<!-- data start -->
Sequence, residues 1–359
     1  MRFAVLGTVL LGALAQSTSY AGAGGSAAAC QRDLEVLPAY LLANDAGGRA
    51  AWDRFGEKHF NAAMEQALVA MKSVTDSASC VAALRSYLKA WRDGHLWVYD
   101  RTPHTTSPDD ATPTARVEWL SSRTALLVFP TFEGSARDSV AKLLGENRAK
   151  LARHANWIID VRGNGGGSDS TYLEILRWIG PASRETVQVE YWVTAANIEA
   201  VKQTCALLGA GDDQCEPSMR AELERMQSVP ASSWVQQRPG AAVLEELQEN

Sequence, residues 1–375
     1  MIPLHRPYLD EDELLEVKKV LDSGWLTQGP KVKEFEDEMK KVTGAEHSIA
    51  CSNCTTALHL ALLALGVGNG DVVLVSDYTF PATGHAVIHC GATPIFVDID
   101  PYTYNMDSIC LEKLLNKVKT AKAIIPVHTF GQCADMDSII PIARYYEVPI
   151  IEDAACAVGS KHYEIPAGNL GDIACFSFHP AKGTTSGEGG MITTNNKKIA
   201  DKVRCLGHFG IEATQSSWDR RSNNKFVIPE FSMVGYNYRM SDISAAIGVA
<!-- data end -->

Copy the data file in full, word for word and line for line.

Sequence, residues 1–359
     1  MRFAVLGTVL LGALAQSTSY AGAGGSAAAC QRDLEVLPAY LLANDAGGRA
    51  AWDRFGEKHF NAAMEQALVA MKSVTDSASC VAALRSYLKA WRDGHLWVYD
   101  RTPHTTSPDD ATPTARVEWL SSRTALLVFP TFEGSARDSV AKLLGENRAK
   151  LARHANWIID VRGNGGGSDS TYLEILRWIG PASRETVQVE YWVTAANIEA
   201  VKQTCALLGA GDDQCEPSMR AELERMQSVP ASSWVQQRPG AAVLEELQEN

Sequence, residues 1–375
     1  MIPLHRPYLD EDELLEVKKV LDSGWLTQGP KVKEFEDEMK KVTGAEHSIA
    51  CSNCTTALHL ALLALGVGNG DVVLVSDYTF PATGHAVIHC GATPIFVDID
   101  PYTYNMDSIC LEKLLNKVKT AKAIIPVHTF GQCADMDSII PIARYYEVPI
   151  IEDAACAVGS KHYEIPAGNL GDIACFSFHP AKGTTSGEGG MITTNNKKIA
   201  DKVRCLGHFG IEATQSSWDR RSNNKFVIPE FSMVGYNYRM SDISAAIGVA